The average American produces about 4.4 pounds of waste per day. Roughly 1.5 pounds of that is composted or recycled, meaning the U.S. avoids sending just 34 percent of its waste to landfills, according to the EPA.
San Francisco provides a much different narrative. Thanks to bold public policy and educational initiatives, the city diverts about 80 percent of its waste from landfills, or more than 1.5 million tons every year.
Ultimately, San Francisco aims to reach zero waste. That means recycling, composting, reusing, and reducing consumption so that nothing goes to either the landfill or incineration.
The city hopes to achieve this goal by 2020. But even if it doesn’t, San Francisco is already way ahead of other cities. For example, New York only diverts about 21 percent of its waste and Chicago is at about 10 percent.
In 2009, San Francisco made recycling and composting a requirement for all businesses and residences. It passed the nation’s first mandatory composting law, and while a few progressive cities have followed suite, most haven't.
San Francisco also banned environmentally hazardous items like checkout bags and Styrofoam. Debbie Raphael, director of the San Francisco Department of the Environment, said she's proud of how the city has used market incentives to drive behavior.
“If we can't ban the materials sometimes we'll put a charge on it," she said. "We might ban a plastic bag and put a charge on using a single-use paper bag, because we're sending signals to the producers and to the users, to the consumers, that there's an easy, convenient, right way to do things.”
To encourage behavior change, San Francisco initially set trash collection rates much higher than recycling and composting rates. While rates are more comparable now, residential bin sizes provide a behavioral nudge. Standard residential services include a 64-gallon blue recycling bin, a 32-gallon green composting bin, and 16-gallon black trash bin.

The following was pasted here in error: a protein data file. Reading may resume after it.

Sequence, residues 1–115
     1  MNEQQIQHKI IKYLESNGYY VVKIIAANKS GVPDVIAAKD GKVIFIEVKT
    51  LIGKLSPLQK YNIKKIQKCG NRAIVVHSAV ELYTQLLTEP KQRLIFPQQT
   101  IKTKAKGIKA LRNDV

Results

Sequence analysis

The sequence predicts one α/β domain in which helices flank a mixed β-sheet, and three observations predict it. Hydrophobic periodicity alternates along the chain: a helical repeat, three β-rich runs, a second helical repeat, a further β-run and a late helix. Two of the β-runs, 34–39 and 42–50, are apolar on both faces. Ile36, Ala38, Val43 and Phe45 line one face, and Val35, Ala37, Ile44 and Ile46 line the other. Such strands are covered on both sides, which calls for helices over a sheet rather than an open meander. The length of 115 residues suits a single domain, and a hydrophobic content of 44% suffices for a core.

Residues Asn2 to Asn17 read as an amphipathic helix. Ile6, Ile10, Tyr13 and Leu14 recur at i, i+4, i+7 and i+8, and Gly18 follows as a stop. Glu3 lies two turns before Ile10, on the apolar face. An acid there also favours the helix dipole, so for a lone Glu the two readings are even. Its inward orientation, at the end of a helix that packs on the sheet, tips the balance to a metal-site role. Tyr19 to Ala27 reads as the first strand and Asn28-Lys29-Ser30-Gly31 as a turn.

Businesses are also charged according to the volume of waste they present. They receive discounts for using the green and blue bins, and are penalized if recyclables or compostables end up in the trash.
Another key to San Francisco’s success is its exclusive partnership with waste management company Recology. Raphael said that working with one company eases the administrative burden and makes it possible to collaborate on long-term goals.
New York, by comparison, has a private system for commercial waste, comprised of hundreds of competing waste collection companies. This makes it challenging for the local government to collaborate on citywide initiatives.
The final element that sets San Francisco’s apart is the sheer scale of its recycling and composting operations.
All of the city's recyclables are brought to Recycle Center, a 200,000 square foot warehouse on Pier 96 that processes 40 to 45 tons of materials per hour.
A team of 14 people work alongside high-tech screens, magnets and optical sorters to weed out contamination and separate the paper, metals and plastics. Similar materials are placed in a bale together, and shipped out to recycling plants both domestically and abroad.
As for the compost, all of the city’s yard waste and food scraps are brought to Jepson Prairie Organics in Vacaville, about 60 miles northeast of San Francisco. Here, compostables are weighed, ground up and blended. Eventually, the nutrient-rich product is sold as fertilizer to vineyards in wine country and nut growers in the Central Valley.
Greg Pryor, general manager of Jepson Prairie, said this was one of the first facilities in the U.S. to compost food scraps.
“When we started in ‘94-’95 with food, there wasn't anybody doing it on a commercial scale that we were processing, and a lot of naysayers in the beginning," he said. "Today they can't argue with our success. It can be done.”
Both Recycle Central and Jepson Prairie host national and international visitors, who are eager to learn how they can replicate San Francisco’s success.
While San Francisco’s waste management system costs about $300 million annually, the program is funded solely through waste collection fees, which are no higher than average for the Bay Area.
Furthermore, a complex recycling and composting operation can be an engine for job growth. Raphael said that for each ton of material, 20 more jobs are created when you recycle than if you put that material in a landfill.
San Francisco still has work to do. About half a million tons of material end up in the city’s landfill every year.
Tackling this involves more awareness and education. Raphael said that 60 percent of what ends up in San Francisco’s trash bins could be composted or recycled. The remaining 40 percent is out of their control.
“We need manufacturers to step up," Raphael said. "We need products to be designed differently so that they're using materials that can be handled in our blue and our green streams and our recycling and our composting."